Although most mill ponds are no longer equipped with functioning mills, many of these impoundments live on as recreational areas or wildlife habitats. In rare cases, the old mills have been restored and put to use as museums, landmarks, parks, stores, inns or other facilities. A few mills even remain in operation, producing artisan flours, cornmeal or other goods.
A critical component of water powered mills is the pond itself. Created by damming small creeks or streams, these impoundments became important resources for humans as well as wildlife.
Mill ponds are typically populated with freshwater fish. Species of fish that occupy mill ponds tend to vary with the region. In the east, bass, sunfish, crappie, catfish, suckers, pickerel and other fish are common. In western areas, members of the trout family are more common, especially in ponds that are fed by mountain streams.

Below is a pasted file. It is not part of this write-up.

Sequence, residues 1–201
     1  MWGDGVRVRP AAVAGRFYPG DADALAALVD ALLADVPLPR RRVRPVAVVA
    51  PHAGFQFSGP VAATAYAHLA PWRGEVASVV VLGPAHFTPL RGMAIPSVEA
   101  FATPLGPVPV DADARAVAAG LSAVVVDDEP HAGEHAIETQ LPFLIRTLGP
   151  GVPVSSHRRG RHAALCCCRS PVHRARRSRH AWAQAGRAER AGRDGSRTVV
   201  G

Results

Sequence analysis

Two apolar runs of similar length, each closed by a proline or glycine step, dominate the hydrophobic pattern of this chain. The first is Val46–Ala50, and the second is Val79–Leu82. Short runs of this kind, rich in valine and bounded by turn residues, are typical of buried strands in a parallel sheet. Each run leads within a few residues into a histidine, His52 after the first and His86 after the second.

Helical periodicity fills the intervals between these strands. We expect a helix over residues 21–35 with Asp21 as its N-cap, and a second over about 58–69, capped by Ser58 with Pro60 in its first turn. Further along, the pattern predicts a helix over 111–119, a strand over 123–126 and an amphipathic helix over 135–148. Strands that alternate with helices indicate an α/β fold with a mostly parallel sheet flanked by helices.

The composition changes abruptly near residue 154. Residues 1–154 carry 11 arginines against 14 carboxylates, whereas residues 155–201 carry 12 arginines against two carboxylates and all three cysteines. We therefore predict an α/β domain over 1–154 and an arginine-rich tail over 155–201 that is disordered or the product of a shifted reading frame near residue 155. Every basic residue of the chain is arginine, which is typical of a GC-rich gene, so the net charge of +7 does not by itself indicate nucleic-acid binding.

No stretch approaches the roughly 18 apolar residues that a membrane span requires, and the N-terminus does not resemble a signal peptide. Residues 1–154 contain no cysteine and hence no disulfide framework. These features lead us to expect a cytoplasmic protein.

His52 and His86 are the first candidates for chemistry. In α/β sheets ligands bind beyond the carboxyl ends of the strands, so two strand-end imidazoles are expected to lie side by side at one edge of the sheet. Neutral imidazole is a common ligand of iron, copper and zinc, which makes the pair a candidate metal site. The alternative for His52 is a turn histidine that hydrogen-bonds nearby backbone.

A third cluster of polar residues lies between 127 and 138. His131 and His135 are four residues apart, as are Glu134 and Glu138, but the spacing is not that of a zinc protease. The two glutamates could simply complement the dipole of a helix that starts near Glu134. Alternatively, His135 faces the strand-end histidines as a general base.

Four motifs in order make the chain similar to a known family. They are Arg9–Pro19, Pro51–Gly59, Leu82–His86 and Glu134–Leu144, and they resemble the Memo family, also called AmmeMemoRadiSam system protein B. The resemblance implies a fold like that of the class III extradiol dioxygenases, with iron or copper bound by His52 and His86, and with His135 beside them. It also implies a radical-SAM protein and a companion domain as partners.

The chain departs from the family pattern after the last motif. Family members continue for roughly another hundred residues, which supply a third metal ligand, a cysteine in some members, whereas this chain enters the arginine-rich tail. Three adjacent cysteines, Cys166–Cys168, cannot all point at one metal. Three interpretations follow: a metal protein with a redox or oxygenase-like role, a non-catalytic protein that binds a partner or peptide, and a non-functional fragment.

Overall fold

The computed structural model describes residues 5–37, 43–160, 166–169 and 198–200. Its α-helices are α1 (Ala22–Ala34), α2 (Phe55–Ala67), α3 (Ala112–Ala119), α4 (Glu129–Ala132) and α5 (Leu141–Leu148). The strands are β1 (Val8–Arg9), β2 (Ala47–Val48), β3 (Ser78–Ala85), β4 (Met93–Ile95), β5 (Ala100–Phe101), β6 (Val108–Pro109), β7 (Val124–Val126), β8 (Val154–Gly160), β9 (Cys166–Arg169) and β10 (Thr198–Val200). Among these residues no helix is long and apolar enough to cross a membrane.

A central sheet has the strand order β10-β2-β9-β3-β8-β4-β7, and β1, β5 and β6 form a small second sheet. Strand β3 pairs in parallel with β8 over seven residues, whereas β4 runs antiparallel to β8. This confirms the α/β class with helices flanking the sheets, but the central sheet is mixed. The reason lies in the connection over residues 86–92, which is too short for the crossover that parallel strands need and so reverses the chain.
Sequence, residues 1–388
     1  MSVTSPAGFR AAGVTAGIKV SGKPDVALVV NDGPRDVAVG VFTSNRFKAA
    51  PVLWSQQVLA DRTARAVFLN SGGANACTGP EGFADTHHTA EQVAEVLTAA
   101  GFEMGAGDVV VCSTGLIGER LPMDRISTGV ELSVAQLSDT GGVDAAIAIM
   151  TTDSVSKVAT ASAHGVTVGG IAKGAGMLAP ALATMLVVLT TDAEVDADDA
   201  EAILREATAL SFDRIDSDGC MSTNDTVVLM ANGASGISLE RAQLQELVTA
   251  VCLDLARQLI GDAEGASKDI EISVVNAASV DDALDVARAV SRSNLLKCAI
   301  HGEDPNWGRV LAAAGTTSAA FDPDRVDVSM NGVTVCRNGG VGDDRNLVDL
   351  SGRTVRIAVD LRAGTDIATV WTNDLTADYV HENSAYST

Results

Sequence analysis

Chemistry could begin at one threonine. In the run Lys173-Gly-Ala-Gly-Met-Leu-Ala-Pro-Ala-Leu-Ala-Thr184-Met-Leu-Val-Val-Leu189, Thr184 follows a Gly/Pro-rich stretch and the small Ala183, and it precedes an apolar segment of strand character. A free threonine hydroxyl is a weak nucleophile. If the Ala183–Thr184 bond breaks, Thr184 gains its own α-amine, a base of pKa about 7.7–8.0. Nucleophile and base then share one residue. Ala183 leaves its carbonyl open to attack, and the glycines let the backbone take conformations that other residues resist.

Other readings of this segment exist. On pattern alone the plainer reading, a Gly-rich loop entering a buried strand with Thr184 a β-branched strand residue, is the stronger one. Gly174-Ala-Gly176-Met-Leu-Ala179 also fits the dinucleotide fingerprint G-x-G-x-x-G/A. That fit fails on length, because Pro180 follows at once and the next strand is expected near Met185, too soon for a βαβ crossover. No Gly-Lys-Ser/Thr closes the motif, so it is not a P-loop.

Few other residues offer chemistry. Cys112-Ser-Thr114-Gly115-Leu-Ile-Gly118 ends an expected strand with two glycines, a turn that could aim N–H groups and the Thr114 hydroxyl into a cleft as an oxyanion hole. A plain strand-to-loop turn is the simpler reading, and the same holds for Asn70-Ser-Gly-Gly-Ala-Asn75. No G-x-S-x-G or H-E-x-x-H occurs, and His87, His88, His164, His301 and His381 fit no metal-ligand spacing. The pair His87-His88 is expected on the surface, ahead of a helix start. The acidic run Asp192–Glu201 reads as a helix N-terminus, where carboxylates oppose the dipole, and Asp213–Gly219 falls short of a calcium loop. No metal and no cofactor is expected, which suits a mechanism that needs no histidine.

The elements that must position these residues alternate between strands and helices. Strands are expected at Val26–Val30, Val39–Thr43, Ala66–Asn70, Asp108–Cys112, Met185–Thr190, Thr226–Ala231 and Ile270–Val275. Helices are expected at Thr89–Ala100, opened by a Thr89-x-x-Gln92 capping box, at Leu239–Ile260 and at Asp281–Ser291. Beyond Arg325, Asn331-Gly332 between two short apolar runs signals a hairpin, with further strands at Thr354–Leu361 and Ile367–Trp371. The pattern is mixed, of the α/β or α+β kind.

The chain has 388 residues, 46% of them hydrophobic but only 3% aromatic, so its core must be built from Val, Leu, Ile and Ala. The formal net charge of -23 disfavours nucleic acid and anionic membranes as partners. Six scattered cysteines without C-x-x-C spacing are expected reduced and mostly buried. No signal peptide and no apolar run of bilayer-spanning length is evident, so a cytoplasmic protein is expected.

In addition to freshwater fish species, mill ponds are usually home to a variety of North American wildlife. Ducks and geese often take up residence, raising their young on these small but important bodies of water.
River otters often frequent mill ponds, feasting on fish, crayfish and freshwater mussels. Other aquatic mammals may include beavers, muskrats, raccoons, oppossums, or other species.
Mill ponds are also critical sources of water for upland and woodland wildlife such as deer, elk, coyotes, and others.
The role of mill ponds in agriculture and livestock production is also well known. Across North America, mill ponds have been important watering holes for livestock since colonial times. Modern farmers also use these reservoirs as a source of water for crop irrigation.